An assortment of words provides evidence suggesting language acts as either a ‘strait-jacket’ or a more gentler influencer. This is clear with the following example. Ivan IV has been known throughout history as ‘terrible’; грозный in English translates as ‘terrible’.[8] Most believe this label appropriately reflects his methods. However, in Russian it translates as ‘fearsome’ or even ‘awesome’.[9] Moreover, the Russian translation for ‘Siloviki’ is Силовики, and its root lies in the word ‘power’. In addition, differing vocabulary requires varying levels of social injection. Народовластие translates as ‘democracy’, a word which has a great contentiousness surrounding it in the Russian Federation. Народ and власть are the two words which formulate the Russian term for democracy; they translate as ‘people’ and ‘power’, signifying that authority lies within the masses. However, the concept of ‘democracy’ has an inordinate level of dependency on social and political circumstances; for the Russians the word ‘democracy’ has negative connections to the transition period of the 1990s, and the term has been abused. It is vital to comprehend that how we live sculpts understanding, in parallel to an appreciation that language influences the process of comprehension and naturally contributes to Russian conceptualisations. I argue linguistic impact will intensify, particularly because Russia’s Duma has recently proposed a bill which bans the use of foreign words to be said in public; in order to maintain and protect the Russian language.[10] Analysis of roots of words reveals how Russians subconsciously process language and form perceptions. They terms and conceptualisations feed off each other and this will continue if the cycle is not broken.  Innate conceptualisations exist because language has developed over thousands of years and are continually reinforced. To better understand Russia, or any state, it is vital to respect a country’s deep cultural roots and to consider that fresh knowledge can often be extracted from new and different insight. Here is a last thought-provoking quote to leave you with:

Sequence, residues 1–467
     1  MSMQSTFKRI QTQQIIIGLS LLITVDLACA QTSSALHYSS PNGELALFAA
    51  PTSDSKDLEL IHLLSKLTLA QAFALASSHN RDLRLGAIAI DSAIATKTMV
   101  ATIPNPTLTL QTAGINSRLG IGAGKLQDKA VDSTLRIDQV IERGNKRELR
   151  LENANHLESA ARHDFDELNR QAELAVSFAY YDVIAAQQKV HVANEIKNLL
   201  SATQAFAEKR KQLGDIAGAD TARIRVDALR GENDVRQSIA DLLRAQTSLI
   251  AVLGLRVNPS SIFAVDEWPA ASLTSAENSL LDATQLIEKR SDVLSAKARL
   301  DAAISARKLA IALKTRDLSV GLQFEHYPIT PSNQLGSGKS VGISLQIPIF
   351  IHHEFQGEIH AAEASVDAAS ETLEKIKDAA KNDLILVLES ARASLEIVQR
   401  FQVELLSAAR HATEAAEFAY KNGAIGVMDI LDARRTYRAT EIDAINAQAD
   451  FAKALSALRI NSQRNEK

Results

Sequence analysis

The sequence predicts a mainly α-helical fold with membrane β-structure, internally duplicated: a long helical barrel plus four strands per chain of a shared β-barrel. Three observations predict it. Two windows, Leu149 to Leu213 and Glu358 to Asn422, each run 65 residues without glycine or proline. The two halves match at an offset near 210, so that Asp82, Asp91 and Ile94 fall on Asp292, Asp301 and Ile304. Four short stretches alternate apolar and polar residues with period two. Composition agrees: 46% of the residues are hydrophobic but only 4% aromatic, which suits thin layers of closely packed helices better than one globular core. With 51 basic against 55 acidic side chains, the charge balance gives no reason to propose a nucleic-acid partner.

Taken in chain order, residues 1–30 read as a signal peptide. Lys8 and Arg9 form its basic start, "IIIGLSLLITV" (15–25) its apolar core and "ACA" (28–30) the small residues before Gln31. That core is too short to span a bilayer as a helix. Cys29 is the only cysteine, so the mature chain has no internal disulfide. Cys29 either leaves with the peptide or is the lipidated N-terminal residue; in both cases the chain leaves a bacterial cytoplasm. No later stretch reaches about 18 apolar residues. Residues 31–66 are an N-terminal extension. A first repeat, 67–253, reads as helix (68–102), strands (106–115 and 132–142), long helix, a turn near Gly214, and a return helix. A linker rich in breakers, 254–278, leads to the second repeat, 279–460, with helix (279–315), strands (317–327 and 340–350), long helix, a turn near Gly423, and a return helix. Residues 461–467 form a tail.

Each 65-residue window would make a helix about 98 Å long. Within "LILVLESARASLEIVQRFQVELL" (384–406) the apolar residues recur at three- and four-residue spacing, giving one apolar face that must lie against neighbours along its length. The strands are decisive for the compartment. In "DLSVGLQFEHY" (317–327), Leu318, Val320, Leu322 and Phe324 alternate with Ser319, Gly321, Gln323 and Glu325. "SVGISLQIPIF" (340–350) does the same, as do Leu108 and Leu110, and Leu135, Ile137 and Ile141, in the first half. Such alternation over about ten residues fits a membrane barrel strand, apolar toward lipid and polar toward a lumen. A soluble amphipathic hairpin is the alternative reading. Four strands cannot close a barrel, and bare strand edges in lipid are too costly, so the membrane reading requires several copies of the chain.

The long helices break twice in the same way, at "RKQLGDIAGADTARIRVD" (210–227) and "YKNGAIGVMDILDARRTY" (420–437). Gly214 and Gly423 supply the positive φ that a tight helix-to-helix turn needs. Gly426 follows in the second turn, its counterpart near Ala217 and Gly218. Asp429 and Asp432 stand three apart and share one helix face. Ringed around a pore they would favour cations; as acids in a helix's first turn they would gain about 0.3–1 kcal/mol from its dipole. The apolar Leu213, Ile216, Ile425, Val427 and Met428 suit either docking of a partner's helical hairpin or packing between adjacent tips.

No two languages are ever sufficiently similar to be considered as representing the same social reality. The worlds in which different societies live are distinct worlds, not merely the same world with different labels attached… We see and hear and otherwise experience very largely as we do because the language habits of our community predispose certain choices of interpretation. [11]

 By Phoebe Eloise

Phoebe Eloise Waters studied Russian and Slavonic Studies at Undergraduate level, and International Security and Terrorism at Postgraduate level, both at the University of Nottingham. She resides in London.


[1] Levada Centre poll result (August 6th 2014) ‘Putin’s approval rating soars to 87%’, The Moscow Times,, accessed 07/08/2014.

[2] Surkov, Russian deputy Prime Minister until 2013, coined the term ‘sovereign democracy’, which is unique to Russia. For more information look at Lipman (July 15th, 2006) ‘Putin’s Sovereign Democracy’ The Washington Post, accessed 04/08/2014.

[3] Triesman (1999) ‘Russia 2000: After Yeltsin comes… Yeltsin’, Foreign Policy ,Winter,, accessed 04/07/2014.

[4] Winston Churchill’s quotation, made in a radio broadcast in October 1939.

[5] This philosophy is explored by various authors, including Underhill, J (2009) Humboldt, Worldview and Language, Edinburgh: Edinburgh University Press., and Bod, R (2014) A New History of the Humanities: The Search for Principles and Patterns from Antiquity to the Present, Oxford: Oxford University Press.

[6] Carroll, J (1956) ‘Introduction’ Language, Thought & Reality: Selected Writings of Benjamin Lee Whorf, Cambridge, MA: MIT Press, p.27.

[7] Medvedev (September 10th, 2009) ‘Go, Russia!’, accessed 20/07/2014.

[8] A good source on Ivan’s reign is: Skrynnikov, R (1981) Ivan the Terrible, Florida: Academic International Press.

[9] This is important because Stalin admired Ivan’s tactics, and in contemporary Russia, Putin nationally venerates Stalin. This can have implications on Russian conceptualisations of terror.

[10] The Moscow Times (June 19th, 2014) ‘Russia’s Culture Committee wants to ban Foreign words’,, accessed 20/07/2014.

[11] Sapir, E (1929) ‘The Status of Linguistics as a Science’, in E. Sapir (1958): Culture, Language and Personality (ed. D. G. Mandelbaum). Berkeley: University of California Press, p.69.

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Categories: Europe